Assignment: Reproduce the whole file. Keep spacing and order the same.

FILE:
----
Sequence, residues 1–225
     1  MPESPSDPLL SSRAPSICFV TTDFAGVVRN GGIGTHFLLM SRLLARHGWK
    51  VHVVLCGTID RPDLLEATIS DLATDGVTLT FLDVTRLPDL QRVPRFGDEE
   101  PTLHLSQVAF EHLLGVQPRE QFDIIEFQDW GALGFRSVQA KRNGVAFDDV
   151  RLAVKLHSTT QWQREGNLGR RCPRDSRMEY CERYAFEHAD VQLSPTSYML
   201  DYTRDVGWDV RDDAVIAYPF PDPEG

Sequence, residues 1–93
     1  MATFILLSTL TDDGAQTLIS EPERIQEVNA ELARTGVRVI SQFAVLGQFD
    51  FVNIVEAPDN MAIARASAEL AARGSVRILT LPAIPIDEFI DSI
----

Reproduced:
Sequence, residues 1–225
     1  MPESPSDPLL SSRAPSICFV TTDFAGVVRN GGIGTHFLLM SRLLARHGWK
    51  VHVVLCGTID RPDLLEATIS DLATDGVTLT FLDVTRLPDL QRVPRFGDEE
   101  PTLHLSQVAF EHLLGVQPRE QFDIIEFQDW GALGFRSVQA KRNGVAFDDV
   151  RLAVKLHSTT QWQREGNLGR RCPRDSRMEY CERYAFEHAD VQLSPTSYML
   201  DYTRDVGWDV RDDAVIAYPF PDPEG

Sequence, residues 1–93
     1  MATFILLSTL TDDGAQTLIS EPERIQEVNA ELARTGVRVI SQFAVLGQFD
    51  FVNIVEAPDN MAIARASAEL AARGSVRILT LPAIPIDEFI DSI